Survivors recall Martial Law ordeal

“We are here bringing with us a torch. Keep the light burning and pass it on to the next generation.”

Thus, said Martial Law survivor Hilda Narciso to UPLB students as she recalled her personal story and sufferings as a political prisoner during the dictatorial government of former President Ferdinand Marcos.

Through signing the Proclamation No. 1081 on Sept. 21, 1972, Marcos put the entire country under Martial Law.

According to Narciso’s fellow survivor Maria Cristina Bawagan, illegal arrest, torture, salvaging, and enforced disappearances took place during this period.

Maging mayaman ka, maging mahirap, basta taliwas sa kagustuhan ni Marcos ang iyong ginagawa, pwede kang mamatay,” Bawagan said.

Narciso and Bawagan headlined the symposium “Martial Law: echoes from the past” at CAS Auditorium on Sept. 18, three days before the 47th anniversary of the declaration of Martial Law.

Both belong to the speakers’ pool of Bantayog ng mga Bayani, a memorial center dedicated to the martyrs and heroes of Martial Law. 

During the symposium, Narciso and Bawagan talked about the tortures and abuses that they and fellow victims experienced during this episode of contemporary Philippine history.

Some of the forms of tortures that Martial Law victims suffered from, Bawagan recalled, included electric shock, water cure, dunking of head in a toilet bowl full of excrement, “Russian roulette,” being buried alive, being stripped naked, being hung upside down, and sexual abuse.

Bakit tayo nagtuturo about this? Hindi dahil sa may hatred sa puso natin; hindi dahil sa gusto nating gumanti. Gusto lang natin na ang katotohanan ay lumabas at matuto mula sa nakaraan, magkaroon ng values, magkaroon ng respeto sa karapatang pantao, at magsakripisyo para sa kawsa na ito,” Bawagan explained.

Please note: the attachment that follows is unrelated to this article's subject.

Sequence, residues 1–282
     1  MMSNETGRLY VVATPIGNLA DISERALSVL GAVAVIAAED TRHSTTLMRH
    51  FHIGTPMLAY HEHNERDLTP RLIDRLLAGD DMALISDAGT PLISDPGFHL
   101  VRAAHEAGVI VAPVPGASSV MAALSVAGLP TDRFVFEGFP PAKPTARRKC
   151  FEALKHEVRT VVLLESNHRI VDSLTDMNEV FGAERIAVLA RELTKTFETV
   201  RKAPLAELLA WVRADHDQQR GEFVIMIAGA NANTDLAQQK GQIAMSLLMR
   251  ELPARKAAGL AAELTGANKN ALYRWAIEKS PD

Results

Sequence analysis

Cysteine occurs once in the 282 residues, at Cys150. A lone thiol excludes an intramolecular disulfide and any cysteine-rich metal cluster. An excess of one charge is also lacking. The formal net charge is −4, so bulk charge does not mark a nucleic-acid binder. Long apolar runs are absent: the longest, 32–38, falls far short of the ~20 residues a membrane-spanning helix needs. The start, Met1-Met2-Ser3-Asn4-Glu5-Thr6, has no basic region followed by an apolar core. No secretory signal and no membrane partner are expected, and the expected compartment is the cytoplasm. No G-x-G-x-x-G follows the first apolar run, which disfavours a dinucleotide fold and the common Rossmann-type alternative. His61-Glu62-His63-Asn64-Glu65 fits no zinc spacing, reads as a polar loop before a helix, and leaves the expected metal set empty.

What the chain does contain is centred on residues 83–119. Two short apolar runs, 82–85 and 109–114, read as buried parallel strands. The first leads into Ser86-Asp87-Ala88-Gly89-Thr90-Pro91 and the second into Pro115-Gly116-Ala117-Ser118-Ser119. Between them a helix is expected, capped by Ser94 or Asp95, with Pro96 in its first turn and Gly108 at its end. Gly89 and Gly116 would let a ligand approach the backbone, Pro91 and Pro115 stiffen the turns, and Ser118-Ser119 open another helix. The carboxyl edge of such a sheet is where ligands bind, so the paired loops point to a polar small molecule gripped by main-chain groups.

Narciso added: “Sinasabi namin sa inyo ang katotohanan because it is the truth that will set you free.”

As she recalled her painful memories, Narciso still lifted lessons from her ordeal. “It was quite a symbolic way to live a life inside the jail. You will learn so much, you will love each other more. You will know how people live and survive,” she said.

In the open forum, Bawagan encouraged the students to help spread facts about Martial Law through legitimate online sources. She also urged them to help document Martial Law stories through interviewing the remaining survivors.

The learning event is one among the series of activities that the UPLB Department of Social Sciences (DSS) is holding in the campus from Sept. 16-27 in solidarity with the whole UP System.

Since 2018, UP has officially dedicated Sept. 21 of every year as the UP Day of Remembrance “to commemorate and honor the memory of the university’s best and brightest who struggled against dictatorship and despotism.”

This UP-wide commemoration was made official through Proclamation No. 1, Series of 2018 signed by UP President Danilo L. Concepcion.

Present during the symposium were DSS Chair Zoilo Belano, Jr., DSS-History Division Head Eugene Raymond Crudo, DSS history faculty members including Gloria Melencio, who gave an introductory lecture about Martial Law, and the members of the Upsilon Sigma Phi, the co-organizer of the event.

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